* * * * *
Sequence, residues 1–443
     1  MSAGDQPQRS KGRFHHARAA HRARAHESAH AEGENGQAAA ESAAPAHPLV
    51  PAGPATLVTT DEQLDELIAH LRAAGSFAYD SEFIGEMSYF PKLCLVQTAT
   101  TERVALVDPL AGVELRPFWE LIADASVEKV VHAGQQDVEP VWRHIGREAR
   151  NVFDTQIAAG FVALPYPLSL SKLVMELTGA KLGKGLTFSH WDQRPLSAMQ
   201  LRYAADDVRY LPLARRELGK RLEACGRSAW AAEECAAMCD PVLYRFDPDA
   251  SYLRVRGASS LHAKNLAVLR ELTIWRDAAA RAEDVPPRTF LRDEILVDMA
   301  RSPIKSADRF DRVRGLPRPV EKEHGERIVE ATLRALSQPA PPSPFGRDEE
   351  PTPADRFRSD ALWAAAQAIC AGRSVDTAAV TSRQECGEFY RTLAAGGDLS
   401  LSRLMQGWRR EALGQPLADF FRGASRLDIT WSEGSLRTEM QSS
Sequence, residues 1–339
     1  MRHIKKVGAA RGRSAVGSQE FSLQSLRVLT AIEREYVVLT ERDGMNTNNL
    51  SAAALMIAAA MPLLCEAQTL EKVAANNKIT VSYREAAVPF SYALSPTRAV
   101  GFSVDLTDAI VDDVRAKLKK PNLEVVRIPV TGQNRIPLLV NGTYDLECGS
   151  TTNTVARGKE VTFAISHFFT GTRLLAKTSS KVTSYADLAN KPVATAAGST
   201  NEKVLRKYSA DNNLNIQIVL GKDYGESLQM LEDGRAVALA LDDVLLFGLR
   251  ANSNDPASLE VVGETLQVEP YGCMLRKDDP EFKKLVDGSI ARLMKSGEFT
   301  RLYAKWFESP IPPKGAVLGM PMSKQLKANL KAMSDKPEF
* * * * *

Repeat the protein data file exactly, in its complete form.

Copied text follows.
Sequence, residues 1–443
     1  MSAGDQPQRS KGRFHHARAA HRARAHESAH AEGENGQAAA ESAAPAHPLV
    51  PAGPATLVTT DEQLDELIAH LRAAGSFAYD SEFIGEMSYF PKLCLVQTAT
   101  TERVALVDPL AGVELRPFWE LIADASVEKV VHAGQQDVEP VWRHIGREAR
   151  NVFDTQIAAG FVALPYPLSL SKLVMELTGA KLGKGLTFSH WDQRPLSAMQ
   201  LRYAADDVRY LPLARRELGK RLEACGRSAW AAEECAAMCD PVLYRFDPDA
   251  SYLRVRGASS LHAKNLAVLR ELTIWRDAAA RAEDVPPRTF LRDEILVDMA
   301  RSPIKSADRF DRVRGLPRPV EKEHGERIVE ATLRALSQPA PPSPFGRDEE
   351  PTPADRFRSD ALWAAAQAIC AGRSVDTAAV TSRQECGEFY RTLAAGGDLS
   401  LSRLMQGWRR EALGQPLADF FRGASRLDIT WSEGSLRTEM QSS
Sequence, residues 1–339
     1  MRHIKKVGAA RGRSAVGSQE FSLQSLRVLT AIEREYVVLT ERDGMNTNNL
    51  SAAALMIAAA MPLLCEAQTL EKVAANNKIT VSYREAAVPF SYALSPTRAV
   101  GFSVDLTDAI VDDVRAKLKK PNLEVVRIPV TGQNRIPLLV NGTYDLECGS
   151  TTNTVARGKE VTFAISHFFT GTRLLAKTSS KVTSYADLAN KPVATAAGST
   201  NEKVLRKYSA DNNLNIQIVL GKDYGESLQM LEDGRAVALA LDDVLLFGLR
   251  ANSNDPASLE VVGETLQVEP YGCMLRKDDP EFKKLVDGSI ARLMKSGEFT
   301  RLYAKWFESP IPPKGAVLGM PMSKQLKANL KAMSDKPEF